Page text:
Asylum seekers have landed in South Korea, and along with them, the rise of a ‘two-faced’ policy that fails to hold water, Hugh S Shin writes.
Earlier this year, more than 550 Yemeni asylum seekers flowed into the South Korean resort island of Jeju and applied for refugee status. This massive and unexpected influx has triggered an intense debate over the country’s responsibility to accept asylum seekers.
Like in other countries experiencing mass refugee inflows, the South Korean public is sharply divided into two groups: those who argue that their country should not accept the refugee applicants as they may cause severe social and economic problems, and those who urge the government to welcome the asylum seekers and guarantee their rights. And it appears that the former vastly outnumbers the latter.
Amid the deepening anti-refugee sentiments, the South Korean government has taken several measures: excluding Yemen from the list of countries allowed visa-free access to Jeju Island, keeping Yemeni asylum seekers from leaving the island, giving them special work permits, and reducing the time taken for the refugee screening process.
All this seems to be satisfying no one. Refugee advocates think that the government’s responses are far removed from the moral purpose of protecting the Yemeni asylum seekers. They are particularly disappointed with the decision to prohibit refugee applicants from leaving the island and entering the South Korean mainland.
Opponents of accepting refugees, on the other hand, claim that their government intends to accept ‘fake refugees’ while neglecting its primary job of ensuring the safety and welfare of its citizens. They criticise the government’s responses for being weak and amateurish, neither deterring asylum seekers from disturbing the social order, nor preventing further refugee inflows.
The Yemeni refugees are also unhappy. Most of them see the government’s measures as only piecemeal, depriving them of their basic rights and needs. Very few are optimistic about their chances to gain asylum in the country.
Indeed, South Korea’s approach to the refugee problem is ambiguous. It appears that the government has no intention to deport the asylum seekers but at the same time is unwilling to embrace them. It claims to advocate and be willing to comply with international obligations toward refugees, yet its refugee policy is largely focused on deterring and detaining them.
Some might say that the South Korean government is deliberately implementing an ambivalent refugee policy to handle the issue more carefully. They are only half-right. While it is true that the government is maintaining strategic ambiguity, its purpose is not to handle the issue carefully.
Then for what purpose is the government adhering to such a ‘Janus-faced’ policy?
Among many answers, whoever designed the refugee policy seems less interested in managing the problem itself, but rather in mollifying public anxiety about refugees and avoiding international criticism. For this, the Moon Jae-in administration is responsible. It is the administration’s inordinate obsession with its self-created image of ‘pro-ordinary people’ and ‘human rights defender’ that has instigated refugee policymakers to cling to misguided priorities.
It is perhaps understandable that the Blue House wants to avoid taking a clear stance on the refugee problem – doing so could damage either its domestic popularity or international reputation. But the government is fooling itself if it thinks that adopting an equivocal policy means it can avoid the tough decisions. Even more disappointing is the fact that the Moon administration seems not to understand the impact and potential consequences of refugee inflows, such as potential social conflicts.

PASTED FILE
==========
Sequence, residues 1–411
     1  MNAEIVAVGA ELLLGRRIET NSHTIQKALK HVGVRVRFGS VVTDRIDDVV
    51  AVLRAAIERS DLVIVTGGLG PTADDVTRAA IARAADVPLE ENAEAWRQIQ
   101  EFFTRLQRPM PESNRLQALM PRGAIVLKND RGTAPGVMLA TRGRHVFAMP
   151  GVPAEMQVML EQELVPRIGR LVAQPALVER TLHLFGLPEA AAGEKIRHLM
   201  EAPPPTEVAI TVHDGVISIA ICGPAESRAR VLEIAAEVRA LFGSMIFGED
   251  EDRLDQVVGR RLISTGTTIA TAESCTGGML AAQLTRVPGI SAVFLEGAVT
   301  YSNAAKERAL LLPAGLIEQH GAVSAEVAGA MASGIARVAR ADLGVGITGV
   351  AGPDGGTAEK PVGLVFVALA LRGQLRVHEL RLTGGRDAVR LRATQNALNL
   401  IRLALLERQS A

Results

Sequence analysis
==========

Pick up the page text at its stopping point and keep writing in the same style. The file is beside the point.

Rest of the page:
Political leaders in Seoul must take the issue more seriously. According to data released by the Ministry of Justice, the number of refugee applicants seeking asylum in South Korea has been increasing dramatically. In 2015, about 5,700 asylum seekers applied for refugee status in the country – that number almost doubled to 9,942 in 2017. The refugee pressure, like it or not, is very likely to further increase in the years ahead.
South Korea, as a member state of the UN Refugee Convention and a widely recognised middle power, is obliged to provide shelter for refugees whose lives are in immediate danger, and at the same time, must ensure the safety and welfare of its people are not threatened by the inflow of refugees.
So what should South Korea do about it?
First, it must redefine its refugee policy objectives. Preserving public approval ratings and international reputation is an important consideration, but not the ultimate goal of its refugee policy. Instead, it should aim to manage the rapidly increasing inflow of refugees and prevent the issue from spilling over into other security issues.
Secondly, Seoul must acknowledge that the refugee problem is a transnational security challenge that requires international cooperation. Many people talk about the need to improve the nation’s refugee law regime and screening process, but only a few of them realise such improvements won’t make much difference unless the government properly addresses the fundamental causes of the issue. This requires active cooperation with other countries, multilateral organisations and even private actors.
Perhaps the Moon administration finds it so hard to throw itself into the refugee issue because it is so preoccupied with the North Korean one. But if the administration continues to stick with the status quo and hesitate to take corrective action, then it will miss the opportunity to nip the problem in the bud.
This piece is published in partnership with The Monsoon Project, the student-run academic blog at The Australian National University.